AVM Biotechnology is set to study its small molecule, AVM0703, for reversing Type 1 diabetes (T1D) with the receipt of a Phase II Small Business Innovation Research (SBIR) award of $1.6m from the National Institute of Diabetes and Digestive Kidney Disease (NIDDK).

The latest grant will permit the company to carry out further research into using AVM0703 as a single agent and as a combination treatment for reversing recent onset and established T1D.

This Phase II project will advance the preclinical research, to speed up data acquisition that will facilitate in seeking an investigational new drug application (IND).

Subsequently, this move will aid in launching clinical trials of the therapy. 

The award will be provided over a period of two years and the second-year payment is contingent to fund availability and the study’s satisfactory advancement.

The initial goal of the programme is to carry out a preclinical dose-finding and mechanism of action (MOA) study in three settings including pre-diabetic, new-onset and established diabetes.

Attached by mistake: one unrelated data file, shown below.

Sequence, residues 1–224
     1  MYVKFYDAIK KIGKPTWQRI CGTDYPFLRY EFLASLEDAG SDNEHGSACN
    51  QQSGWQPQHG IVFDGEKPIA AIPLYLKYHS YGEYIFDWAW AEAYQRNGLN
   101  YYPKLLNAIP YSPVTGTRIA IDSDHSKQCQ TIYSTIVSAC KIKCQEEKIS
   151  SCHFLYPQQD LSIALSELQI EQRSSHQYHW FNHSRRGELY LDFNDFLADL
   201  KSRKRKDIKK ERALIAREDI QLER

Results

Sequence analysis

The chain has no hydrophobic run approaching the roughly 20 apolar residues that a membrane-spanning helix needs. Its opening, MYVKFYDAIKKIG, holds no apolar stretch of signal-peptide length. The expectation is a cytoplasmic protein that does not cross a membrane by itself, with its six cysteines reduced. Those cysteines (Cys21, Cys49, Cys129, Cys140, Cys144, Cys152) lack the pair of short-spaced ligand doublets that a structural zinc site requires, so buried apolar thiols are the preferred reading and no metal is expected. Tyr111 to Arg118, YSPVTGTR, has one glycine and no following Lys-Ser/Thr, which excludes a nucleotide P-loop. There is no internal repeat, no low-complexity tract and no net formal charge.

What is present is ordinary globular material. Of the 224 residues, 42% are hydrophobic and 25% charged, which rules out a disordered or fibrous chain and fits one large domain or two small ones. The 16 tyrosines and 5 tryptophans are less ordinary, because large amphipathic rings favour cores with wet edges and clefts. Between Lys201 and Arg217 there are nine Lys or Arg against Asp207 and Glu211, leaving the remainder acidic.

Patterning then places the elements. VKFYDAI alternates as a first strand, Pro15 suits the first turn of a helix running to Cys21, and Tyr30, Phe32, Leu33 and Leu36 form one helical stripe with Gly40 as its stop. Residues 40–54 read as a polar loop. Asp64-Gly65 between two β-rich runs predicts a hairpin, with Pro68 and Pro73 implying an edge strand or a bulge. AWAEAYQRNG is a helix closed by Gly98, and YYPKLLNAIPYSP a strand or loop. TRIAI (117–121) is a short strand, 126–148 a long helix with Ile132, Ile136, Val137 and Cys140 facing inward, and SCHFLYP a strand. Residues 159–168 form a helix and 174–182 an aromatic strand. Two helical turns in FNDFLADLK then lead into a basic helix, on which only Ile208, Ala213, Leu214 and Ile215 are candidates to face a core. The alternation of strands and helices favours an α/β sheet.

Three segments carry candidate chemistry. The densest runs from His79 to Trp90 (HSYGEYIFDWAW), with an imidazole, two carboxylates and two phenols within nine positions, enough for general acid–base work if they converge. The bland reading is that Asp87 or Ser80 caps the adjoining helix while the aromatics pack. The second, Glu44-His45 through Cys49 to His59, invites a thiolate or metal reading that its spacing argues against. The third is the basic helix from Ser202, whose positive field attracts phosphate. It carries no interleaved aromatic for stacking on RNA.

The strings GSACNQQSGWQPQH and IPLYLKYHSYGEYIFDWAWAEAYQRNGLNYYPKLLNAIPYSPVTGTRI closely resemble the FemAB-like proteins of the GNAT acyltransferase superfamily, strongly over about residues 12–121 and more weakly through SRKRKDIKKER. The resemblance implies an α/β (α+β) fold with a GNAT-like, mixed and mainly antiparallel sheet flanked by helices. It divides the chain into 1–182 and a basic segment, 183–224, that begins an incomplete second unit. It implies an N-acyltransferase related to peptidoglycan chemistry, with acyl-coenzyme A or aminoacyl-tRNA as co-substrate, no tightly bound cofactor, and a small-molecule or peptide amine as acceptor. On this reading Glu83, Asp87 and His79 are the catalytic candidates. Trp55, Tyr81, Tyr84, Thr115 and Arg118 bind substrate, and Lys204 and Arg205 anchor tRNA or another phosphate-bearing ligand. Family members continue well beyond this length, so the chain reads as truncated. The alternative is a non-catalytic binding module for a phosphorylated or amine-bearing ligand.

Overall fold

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These findings will be leveraged to establish the targeted dose to be used in a pivotal efficacy study to reverse new-onset and established diabetes. 

AVM0703 is expected to complement other immunotherapies in individuals who do not show remission, permitting a broader patient population to attain insulin independence.

The latest NIDDK grant comes after the company obtained a Phase I grant in 2019 to study targeted lympho-ablation as a substitute for treating T1D. 

According to data from this preclinical research programme, in 55% of treated mice, AVM0703 was demonstrated to substantially delay T1D onset by 20-31 weeks.

Furthermore, the treatment averted the onset of diabetes in the other 45% of mice. 

T1D is an autoimmune disease that causes damage to the insulin-making beta cells in the pancreas.